Suramin is a trypan blue analogon originally developed to treat protozoan infections, which was found to have diverse antitumor effects. One of the most severe side effects in clinical trials was the development of a peripheral sensory-motor polyneuropathy. In this study, we aimed to investigate suramin-induced neuropathy with a focus on calcium (Ca2+) homeostasis as a potential pathomechanism. Adult C57Bl/6 mice treated with a single injection of 250 mg/kg bodyweight suramin developed locomotor and sensory deficits, which were confirmed by electrophysiological measurements showing a predominantly sensory axonal-demyelinating polyneuropathy. In a next step, we used cultured dorsal root ganglia neurons (DRGN) as an in vitro cell model to further investigate underlying pathomechanisms. Cell viability of DRGN was significantly decreased after 24-hour suramin treatment with a calculated IC50 of 283 µM. We detected a suramin-induced Ca2+ influx into DRGN from the extracellular space, which could be reduced with the voltage-gated calcium channel (VGCC) inhibitor nimodipine. Co-incubation of suramin and nimodipine partially improved cell viability of DRGN after suramin exposure. In summary, we describe suramin-induced neurotoxic effects on DRGN as well as potentially neuroprotective agents targeting intracellular Ca2+ dyshomeostasis.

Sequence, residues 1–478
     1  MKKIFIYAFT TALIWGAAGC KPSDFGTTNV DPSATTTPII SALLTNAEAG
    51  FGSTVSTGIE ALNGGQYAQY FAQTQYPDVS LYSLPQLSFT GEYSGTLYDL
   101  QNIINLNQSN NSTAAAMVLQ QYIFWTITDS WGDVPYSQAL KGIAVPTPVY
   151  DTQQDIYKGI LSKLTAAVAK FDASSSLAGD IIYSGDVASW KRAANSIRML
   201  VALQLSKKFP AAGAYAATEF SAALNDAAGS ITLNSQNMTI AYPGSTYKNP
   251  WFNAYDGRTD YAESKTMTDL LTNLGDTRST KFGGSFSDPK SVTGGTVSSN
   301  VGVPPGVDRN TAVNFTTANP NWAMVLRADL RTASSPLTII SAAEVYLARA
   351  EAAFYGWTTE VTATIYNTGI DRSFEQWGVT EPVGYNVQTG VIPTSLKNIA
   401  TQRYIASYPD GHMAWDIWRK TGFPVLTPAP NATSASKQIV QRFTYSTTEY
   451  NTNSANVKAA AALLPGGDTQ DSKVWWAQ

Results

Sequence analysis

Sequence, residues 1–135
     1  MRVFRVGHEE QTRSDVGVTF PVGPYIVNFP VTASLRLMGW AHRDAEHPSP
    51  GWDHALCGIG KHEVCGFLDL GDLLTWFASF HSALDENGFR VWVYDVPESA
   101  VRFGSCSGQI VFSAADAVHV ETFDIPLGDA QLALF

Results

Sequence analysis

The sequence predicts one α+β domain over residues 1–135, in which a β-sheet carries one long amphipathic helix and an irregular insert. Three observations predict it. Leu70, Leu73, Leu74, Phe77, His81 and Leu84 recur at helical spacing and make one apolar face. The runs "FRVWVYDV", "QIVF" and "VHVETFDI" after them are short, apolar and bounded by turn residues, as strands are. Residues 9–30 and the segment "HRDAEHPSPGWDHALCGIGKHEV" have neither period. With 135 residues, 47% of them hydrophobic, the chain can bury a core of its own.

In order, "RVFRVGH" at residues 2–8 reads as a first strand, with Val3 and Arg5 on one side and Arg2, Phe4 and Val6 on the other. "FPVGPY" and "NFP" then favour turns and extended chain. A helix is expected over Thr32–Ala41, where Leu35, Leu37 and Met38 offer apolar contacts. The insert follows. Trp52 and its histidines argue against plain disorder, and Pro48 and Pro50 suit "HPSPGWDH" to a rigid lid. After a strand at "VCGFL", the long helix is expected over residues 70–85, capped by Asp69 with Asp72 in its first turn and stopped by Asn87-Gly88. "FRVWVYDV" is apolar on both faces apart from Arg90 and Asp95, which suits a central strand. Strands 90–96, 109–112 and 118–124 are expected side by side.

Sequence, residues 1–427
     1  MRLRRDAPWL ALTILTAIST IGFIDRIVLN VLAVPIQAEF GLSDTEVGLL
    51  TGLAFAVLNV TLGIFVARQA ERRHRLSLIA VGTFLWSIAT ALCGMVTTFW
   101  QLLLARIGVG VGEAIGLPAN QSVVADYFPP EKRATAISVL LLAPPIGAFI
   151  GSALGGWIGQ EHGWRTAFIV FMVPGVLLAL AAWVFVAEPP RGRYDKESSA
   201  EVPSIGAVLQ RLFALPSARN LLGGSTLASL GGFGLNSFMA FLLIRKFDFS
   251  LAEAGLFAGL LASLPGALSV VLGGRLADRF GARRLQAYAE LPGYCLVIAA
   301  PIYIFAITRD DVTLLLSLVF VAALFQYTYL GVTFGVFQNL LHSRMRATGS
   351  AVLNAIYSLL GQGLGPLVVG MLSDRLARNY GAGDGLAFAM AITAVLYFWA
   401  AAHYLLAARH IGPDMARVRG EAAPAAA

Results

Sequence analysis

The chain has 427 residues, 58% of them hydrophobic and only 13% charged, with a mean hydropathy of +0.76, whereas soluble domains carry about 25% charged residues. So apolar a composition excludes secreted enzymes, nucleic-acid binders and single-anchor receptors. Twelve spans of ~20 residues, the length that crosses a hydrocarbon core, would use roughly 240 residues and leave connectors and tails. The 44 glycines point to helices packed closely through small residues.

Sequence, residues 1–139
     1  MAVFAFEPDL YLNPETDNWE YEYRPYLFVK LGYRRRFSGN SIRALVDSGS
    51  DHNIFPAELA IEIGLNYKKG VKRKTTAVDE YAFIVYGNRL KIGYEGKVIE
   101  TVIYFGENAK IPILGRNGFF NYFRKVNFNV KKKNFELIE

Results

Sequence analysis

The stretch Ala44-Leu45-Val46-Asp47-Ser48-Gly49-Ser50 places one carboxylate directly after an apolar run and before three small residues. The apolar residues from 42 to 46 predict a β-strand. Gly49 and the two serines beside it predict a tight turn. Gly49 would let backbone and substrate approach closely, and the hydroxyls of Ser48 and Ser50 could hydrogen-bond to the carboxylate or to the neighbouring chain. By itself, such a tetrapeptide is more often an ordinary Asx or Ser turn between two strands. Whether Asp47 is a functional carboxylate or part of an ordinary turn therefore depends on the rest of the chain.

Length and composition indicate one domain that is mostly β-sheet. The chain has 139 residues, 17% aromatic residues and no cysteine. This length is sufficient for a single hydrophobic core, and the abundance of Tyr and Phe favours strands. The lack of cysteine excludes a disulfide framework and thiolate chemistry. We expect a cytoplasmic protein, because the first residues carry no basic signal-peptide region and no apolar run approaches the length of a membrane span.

Keywords: TRP channels; calcium; neuroprotection; suramin; voltage-gated calcium channels.